Robotic exploration

Simulation expertise for robotic planetary exploration is continuously being built up at the SR Institute. The expert knowledge is made available in the form of model libraries and applied in the context of space missions with rovers (e.g. IDEFIX Rover for Martian Moons eXploration; JAXA or ExoMars Rover; ESA), asteroid landers (e.g. MASCOT Mobility Unit; JAXA) or penetration systems (e.g. InSight HP3; NASA). Prediction and verification of system dynamics as well as model-based control and fault detection are the focus of the research work. Terramechanics plays a key role here. The SR Rover Simulation Toolkit, which is used for the design of planetary mobility systems, therefore offers a wide range of ground contact models. These range from real-time capable solutions to models with plastic ground deformation and complex particle models. The models are developed and validated on the basis of experimental single wheel and overall system tests as well as available mission data.

Rover Simulation Toolkit: A Library with Base Elements to Simulate Planetary Exploration Rovers

With the exception of the Moon, it is currently impossible for people to step on the surfaces of celestial bodies. And mobile robots, so-called rovers, are very important and helpful in preparing crewed missions.

But the environment e.g. on Mars is very different than on Earth. Gravity, atmosphere, day-night-rhythm and temperatures differ much from the conditions on Earth. It is however very important to test robots prior launch because it is impossible to grip in afterwards. Simulations help to test rovers because the environment can’t be recreated well enough in the labs. In addition, simulations save time and money in the development phase.

The „planetary exploration“ group at the institute SR has therefore developed a library: the Rover Simulation Toolkit, short RST. It contains a large number of different base elements with which one can quickly and easily assemble rover simulation models. It is built upon the modeling language Modelica[1] and extends its Standard Library for rover simulations. Further, Modelica has a simple interface to access external software. Finally, models can be exported as well such that they can be loaded and executed in other software, e.g. Matlab.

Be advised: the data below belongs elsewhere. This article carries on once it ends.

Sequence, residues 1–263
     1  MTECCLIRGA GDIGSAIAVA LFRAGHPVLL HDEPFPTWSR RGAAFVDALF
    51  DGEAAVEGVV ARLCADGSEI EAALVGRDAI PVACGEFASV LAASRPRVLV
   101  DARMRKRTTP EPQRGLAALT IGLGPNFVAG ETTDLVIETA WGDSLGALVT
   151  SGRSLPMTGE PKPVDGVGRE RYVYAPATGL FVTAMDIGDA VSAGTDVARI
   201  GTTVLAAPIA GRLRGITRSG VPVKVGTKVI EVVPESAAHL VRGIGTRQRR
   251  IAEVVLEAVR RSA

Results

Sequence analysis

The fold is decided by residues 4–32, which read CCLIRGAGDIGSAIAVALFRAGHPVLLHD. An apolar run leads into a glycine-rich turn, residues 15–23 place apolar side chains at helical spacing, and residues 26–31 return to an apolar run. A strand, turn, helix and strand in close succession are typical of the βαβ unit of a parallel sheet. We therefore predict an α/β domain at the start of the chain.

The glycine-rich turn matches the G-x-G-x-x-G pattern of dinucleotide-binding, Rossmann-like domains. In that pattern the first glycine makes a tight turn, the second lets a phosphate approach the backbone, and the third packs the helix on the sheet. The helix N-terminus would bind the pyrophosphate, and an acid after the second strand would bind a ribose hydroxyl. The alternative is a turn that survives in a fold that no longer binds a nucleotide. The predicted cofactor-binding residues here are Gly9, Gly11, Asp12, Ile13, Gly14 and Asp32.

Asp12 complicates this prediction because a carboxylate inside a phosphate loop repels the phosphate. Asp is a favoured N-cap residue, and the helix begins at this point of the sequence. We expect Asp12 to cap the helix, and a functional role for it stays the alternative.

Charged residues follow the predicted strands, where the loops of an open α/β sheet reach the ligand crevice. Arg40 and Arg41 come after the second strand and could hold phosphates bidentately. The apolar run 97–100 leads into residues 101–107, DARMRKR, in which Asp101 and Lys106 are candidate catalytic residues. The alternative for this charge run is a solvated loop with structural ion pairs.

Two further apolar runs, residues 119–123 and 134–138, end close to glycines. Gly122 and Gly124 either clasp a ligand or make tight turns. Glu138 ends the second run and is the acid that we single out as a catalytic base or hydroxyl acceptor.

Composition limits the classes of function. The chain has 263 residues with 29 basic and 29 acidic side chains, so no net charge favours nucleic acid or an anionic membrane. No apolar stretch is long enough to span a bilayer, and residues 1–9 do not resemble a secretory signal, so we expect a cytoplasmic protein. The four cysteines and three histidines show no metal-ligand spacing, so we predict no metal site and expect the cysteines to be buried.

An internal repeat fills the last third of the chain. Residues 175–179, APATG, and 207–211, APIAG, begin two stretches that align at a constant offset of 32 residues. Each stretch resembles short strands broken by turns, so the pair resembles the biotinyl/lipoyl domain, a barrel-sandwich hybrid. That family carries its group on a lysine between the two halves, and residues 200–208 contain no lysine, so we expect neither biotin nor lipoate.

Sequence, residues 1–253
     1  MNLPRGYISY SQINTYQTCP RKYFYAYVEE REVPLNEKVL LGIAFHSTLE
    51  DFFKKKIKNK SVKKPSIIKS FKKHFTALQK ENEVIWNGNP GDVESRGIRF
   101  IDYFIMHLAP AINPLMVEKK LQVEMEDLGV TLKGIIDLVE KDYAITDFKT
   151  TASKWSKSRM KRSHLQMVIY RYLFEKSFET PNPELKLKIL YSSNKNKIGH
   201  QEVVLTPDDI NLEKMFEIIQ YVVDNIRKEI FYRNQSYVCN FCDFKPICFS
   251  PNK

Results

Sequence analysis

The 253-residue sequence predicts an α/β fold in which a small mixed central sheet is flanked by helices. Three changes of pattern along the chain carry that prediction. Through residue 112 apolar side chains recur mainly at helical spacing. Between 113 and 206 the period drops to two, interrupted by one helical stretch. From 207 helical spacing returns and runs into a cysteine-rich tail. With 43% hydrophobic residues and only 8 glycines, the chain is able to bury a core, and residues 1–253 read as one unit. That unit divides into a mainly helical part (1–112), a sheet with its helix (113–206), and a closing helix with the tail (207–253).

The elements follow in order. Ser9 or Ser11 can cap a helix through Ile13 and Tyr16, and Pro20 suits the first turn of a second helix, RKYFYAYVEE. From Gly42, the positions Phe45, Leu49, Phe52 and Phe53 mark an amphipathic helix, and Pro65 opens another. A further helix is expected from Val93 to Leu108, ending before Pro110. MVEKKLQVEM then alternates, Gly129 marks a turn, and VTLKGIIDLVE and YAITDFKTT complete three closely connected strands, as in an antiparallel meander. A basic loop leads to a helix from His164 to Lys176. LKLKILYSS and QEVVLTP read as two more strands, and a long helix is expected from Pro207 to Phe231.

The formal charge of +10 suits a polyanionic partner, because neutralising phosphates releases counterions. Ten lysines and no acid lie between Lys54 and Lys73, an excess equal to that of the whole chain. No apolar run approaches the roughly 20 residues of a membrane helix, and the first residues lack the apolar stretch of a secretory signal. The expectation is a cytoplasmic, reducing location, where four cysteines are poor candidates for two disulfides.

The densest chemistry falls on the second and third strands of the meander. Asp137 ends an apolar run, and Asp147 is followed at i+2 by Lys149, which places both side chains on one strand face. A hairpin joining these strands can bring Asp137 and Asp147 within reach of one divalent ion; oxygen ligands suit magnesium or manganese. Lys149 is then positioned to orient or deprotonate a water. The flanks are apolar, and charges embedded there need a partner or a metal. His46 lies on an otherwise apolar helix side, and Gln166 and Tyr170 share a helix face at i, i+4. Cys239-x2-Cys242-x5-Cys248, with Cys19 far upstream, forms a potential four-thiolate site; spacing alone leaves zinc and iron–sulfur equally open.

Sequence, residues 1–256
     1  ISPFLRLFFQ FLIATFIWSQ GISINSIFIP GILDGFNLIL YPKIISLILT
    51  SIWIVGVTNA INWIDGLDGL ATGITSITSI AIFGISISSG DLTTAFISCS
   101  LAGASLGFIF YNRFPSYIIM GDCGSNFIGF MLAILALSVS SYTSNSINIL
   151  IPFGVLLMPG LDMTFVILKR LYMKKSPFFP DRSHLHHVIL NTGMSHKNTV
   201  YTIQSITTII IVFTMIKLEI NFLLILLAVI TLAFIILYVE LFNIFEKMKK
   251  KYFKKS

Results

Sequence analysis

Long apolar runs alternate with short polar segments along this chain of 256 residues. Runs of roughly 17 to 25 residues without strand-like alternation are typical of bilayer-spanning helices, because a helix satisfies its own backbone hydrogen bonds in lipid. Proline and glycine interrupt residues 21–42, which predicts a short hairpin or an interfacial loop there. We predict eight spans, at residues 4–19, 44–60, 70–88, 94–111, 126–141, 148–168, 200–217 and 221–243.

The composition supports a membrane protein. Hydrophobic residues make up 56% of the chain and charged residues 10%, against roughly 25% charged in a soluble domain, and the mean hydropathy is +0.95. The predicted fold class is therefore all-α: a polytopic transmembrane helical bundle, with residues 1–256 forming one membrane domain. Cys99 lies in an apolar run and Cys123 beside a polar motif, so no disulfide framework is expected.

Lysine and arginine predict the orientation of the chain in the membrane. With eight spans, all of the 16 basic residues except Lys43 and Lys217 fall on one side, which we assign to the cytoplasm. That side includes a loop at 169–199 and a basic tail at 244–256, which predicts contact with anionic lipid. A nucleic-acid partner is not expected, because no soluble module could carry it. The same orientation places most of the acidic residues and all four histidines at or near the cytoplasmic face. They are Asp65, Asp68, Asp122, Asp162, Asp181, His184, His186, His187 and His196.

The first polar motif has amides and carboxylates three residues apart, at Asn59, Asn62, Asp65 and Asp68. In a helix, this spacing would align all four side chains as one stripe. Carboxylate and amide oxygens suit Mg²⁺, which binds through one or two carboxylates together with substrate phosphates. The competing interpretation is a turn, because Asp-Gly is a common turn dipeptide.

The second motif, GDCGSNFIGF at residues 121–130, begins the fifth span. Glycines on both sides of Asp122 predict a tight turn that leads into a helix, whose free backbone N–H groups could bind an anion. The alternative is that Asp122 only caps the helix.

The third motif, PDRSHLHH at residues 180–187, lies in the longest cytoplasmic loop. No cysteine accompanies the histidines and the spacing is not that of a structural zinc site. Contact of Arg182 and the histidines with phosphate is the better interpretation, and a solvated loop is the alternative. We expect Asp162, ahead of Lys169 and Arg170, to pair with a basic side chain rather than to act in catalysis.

The Rover Simulation Toolkit from Institute SR covers many aspects of robots. Focus is on the locomotion subsystem of rovers but the whole rover is always considered. Domains such as communication, materials and payload are not part of RST. Those are usually simulated and tested separately. But RST is relatively easy to extend.

Validation of models

The simulation models of planetary rovers are validated in the laboratory on test benches such as the TROLL (LINK) and the PEL. On the other hand, models of complete systems such as the SCOUT are also evaluated as part of test campaigns in analogue environments (e.g. on the ETNA volcano or in DLR's own open-air test field).


All parts of RST that have mass and inertia belong to the mechanical building blocks. The rigid body dynamics from the Modelica Standard Library is used, there is however also the possibility to include flexible bodies or to connect rigid bodies together with springs and dampers.

The wheels are modeled with particular detail, these are important parts of rovers. They consist of a cylinder or ring with so-called grousers, small rungs or larger shovels along the rim, that can be assembled variously through a set of parameters. The simulation of wheels that drive in sand and encounter small and larger rocks, is one unique selling point of RST compared to other libraries in that it contains a large choice of models for contact dynamics and terramechanics. The models reach from simple approximations after M. G. Bekker through machine learning models and general contact models after H. Hertz to the very detailed Soil Contact Model SCM that also considers the deformation of the surface. Even more precise contact dynamics models based on particle simulations are not part of RST because they only are meaningful for simulating single wheels.

Actuators and Sensors

The rover wheels and other active elements need to be driven also in the simulation model. For this purpose, there exists an RST sub-library for servo drives at various levels of detail. In the simplest (ideal) case the desired position or velocity is applied one to one, in the most complex (realistic) case an electric motor is simulated. There are other actuator models in between, for example having an efficiency lower than 1. Spring mechanisms for single use, e.g. to open flaps or solar panels, are as well part of the sub-library.